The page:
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Veteran Profile: Maurice Miller

Madison’s Miller recalls life in the
Marine Corp during WWII

He witnessed the first raising of U.S. flag over Iwo Jima



HANOVER, Ind. (November 2015) – Time and age have a way of shifting one’s perspective. What emerges over time often is quite unexpected. Perhaps no one knows that lesson better than Maurice Miller, 89, now of Hanover.
During some of the darkest days of World War II, Miller enlisted in the U.S. Marine Corps at the tender age of 17. The military would take “any warm body” back then, according to Miller. “You could enlist at 17 with your parents’ signature.”
It took a lot of talking to convince his parents to let another son go to battle. “Everybody was in the service,” he said.  “Everybody did it.”

His parents argued that he was too young. In January 1944, Miller enlisted, and by February 1945, he began fighting with the 28th Regiment at Iwo Jima. It was one of the bloodiest battles of World War II. He witnessed the first raising of the U.S. flag over Mt. Suribachi, an act that signaled its capture after days of fighting. 
The lessons of changing perspective hit home for Miller quite suddenly in 1996. His oldest grandson, Jason Kitka, 18, wanted to be a Marine. “I looked at him and thought, ‘He’s nothing but a kid,’ and then remembered that when I was his age, I was on Iwo Jima. I never really realized it until then.” 
This year marks the 70th anniversary of the Battle of Iwo Jima. In some respects, memories of that battle still are fresh in Miller’s mind. He likes to share the funny stories about the war with his grandchildren but nothing about how bad it was. Besides, the trauma, the details of this bloodiest of battles, had faded quickly from his mind.

Photo by Alice Jane Smith

Maurice Miller poses with a photo of himself with his late wife, Marianne, who died in July.

“If something bad happened, I put it out of my mind and forgot it because it doesn’t do you any good,” he said, adding “I never thought I’d live this long!”
Miller has a keen sense of humor, a positive outlook on life and a clear sense of drive. An articulate, thoughtful, polite and gracious man, he enjoys listening to piano music throughout the day. Dressed in a red-checked shirt, black slacks and red suspenders, he presents a cheerful appearance. He uses a machine that enlarges printed material to help him read, despite his macular degeneration. In July, he lost his beloved wife of 67 years, Marianne. Earlier, they had moved to a pleasant, sunny, two-room assisted living apartment at the Hanover Nursing & Rehabilitation Center. Now he deals with his own health problems, Stage 4 cancer, but continues to be as independent as possible.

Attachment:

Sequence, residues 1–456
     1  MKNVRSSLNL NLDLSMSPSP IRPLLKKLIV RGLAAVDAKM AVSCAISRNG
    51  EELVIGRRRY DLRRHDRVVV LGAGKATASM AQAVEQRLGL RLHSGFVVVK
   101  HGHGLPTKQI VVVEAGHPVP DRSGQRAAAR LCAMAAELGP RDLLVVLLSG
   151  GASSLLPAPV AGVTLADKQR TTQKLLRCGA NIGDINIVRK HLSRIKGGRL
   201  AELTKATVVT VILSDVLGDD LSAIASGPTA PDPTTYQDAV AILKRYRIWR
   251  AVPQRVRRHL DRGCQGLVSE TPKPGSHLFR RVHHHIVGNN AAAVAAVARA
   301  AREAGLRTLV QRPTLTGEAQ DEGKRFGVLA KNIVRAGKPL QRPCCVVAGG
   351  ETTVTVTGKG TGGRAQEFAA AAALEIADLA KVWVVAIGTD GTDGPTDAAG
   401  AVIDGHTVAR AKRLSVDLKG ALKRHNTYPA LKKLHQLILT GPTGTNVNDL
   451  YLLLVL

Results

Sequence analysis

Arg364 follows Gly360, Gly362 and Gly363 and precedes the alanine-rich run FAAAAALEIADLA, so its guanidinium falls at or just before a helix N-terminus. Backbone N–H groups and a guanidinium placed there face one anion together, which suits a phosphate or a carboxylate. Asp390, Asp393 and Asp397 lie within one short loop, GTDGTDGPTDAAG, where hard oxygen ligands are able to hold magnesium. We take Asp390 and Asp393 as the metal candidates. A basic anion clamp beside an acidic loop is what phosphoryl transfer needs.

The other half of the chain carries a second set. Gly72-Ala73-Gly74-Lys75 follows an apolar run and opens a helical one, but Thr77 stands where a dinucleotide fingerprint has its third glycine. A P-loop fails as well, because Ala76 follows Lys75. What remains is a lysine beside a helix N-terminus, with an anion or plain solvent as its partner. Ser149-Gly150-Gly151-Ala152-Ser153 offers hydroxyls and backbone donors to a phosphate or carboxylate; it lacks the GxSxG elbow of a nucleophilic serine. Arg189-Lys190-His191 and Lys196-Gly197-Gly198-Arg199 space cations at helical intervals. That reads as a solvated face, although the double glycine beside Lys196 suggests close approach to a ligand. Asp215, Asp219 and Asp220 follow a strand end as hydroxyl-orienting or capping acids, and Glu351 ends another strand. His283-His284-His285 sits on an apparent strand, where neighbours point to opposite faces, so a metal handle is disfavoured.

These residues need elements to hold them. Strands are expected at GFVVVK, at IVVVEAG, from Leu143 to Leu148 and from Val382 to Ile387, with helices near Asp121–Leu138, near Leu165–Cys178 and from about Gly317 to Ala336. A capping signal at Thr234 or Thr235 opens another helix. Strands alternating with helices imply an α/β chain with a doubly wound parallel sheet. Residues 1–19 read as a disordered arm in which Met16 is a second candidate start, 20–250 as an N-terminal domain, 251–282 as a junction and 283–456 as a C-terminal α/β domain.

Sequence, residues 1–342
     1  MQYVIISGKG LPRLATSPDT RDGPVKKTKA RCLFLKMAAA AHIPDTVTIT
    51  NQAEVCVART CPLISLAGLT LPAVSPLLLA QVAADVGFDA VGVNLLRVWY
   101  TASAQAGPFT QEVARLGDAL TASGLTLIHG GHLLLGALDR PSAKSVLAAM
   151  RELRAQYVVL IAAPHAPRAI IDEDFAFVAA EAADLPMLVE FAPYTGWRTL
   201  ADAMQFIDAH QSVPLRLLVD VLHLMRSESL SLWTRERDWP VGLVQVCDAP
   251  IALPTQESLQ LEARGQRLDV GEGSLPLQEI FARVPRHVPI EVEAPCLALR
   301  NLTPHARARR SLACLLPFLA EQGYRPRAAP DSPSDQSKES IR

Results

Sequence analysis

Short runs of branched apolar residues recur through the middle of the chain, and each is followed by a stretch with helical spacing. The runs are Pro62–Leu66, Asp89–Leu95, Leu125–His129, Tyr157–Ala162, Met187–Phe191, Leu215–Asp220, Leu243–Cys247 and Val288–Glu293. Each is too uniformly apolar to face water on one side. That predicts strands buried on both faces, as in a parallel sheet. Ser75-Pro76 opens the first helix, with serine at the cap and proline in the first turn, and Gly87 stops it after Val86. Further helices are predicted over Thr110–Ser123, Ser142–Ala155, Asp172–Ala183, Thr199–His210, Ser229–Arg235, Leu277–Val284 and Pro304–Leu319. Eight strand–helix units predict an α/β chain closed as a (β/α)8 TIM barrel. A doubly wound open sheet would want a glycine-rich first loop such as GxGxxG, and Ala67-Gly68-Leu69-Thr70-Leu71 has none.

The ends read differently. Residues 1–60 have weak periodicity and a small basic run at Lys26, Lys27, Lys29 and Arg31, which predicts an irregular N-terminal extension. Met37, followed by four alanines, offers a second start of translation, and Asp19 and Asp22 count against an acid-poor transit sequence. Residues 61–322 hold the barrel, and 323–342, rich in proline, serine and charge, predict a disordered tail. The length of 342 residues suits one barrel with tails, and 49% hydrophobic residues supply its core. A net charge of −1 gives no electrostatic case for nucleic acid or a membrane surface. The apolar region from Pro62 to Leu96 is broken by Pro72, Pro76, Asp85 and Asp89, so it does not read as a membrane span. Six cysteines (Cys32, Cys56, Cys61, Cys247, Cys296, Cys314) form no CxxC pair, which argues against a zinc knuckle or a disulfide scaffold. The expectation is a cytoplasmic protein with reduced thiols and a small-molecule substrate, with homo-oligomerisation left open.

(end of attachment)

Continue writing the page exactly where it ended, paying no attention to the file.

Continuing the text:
His daughter, Jan Anderson, said her father walks and exercises daily to keep up his strength. She describes her father as a “modest” man but one who is thrilled that so many men in his family are Marines. He is a skilled woodworker, a gift inherited from his father.
Miller has an “entrepreneurial, competitive spirit” that his daughter admires. A public accountant with a business degree, he opened his own accounting business in South Bend, Ind. When that didn’t work out, he moved to Cincinnati and tried again. His business succeeded, and the Millers lived in Cincinnati for 40 years. Miller himself is proud of his accomplishment as an Enrolled Agent in Cincinnati. He helped start the Ohio Society of Enrolled Agents.
He said he felt pleased that he passed the rigorous three-day Internal Revenue Service exam for Enrolled Agents on his first attempt. In college, Miller planned to do other kinds of accounting, and he disliked taxes. To his surprise, he came to love income tax work. “I was in seventh heaven if someone came to me with a tax problem.”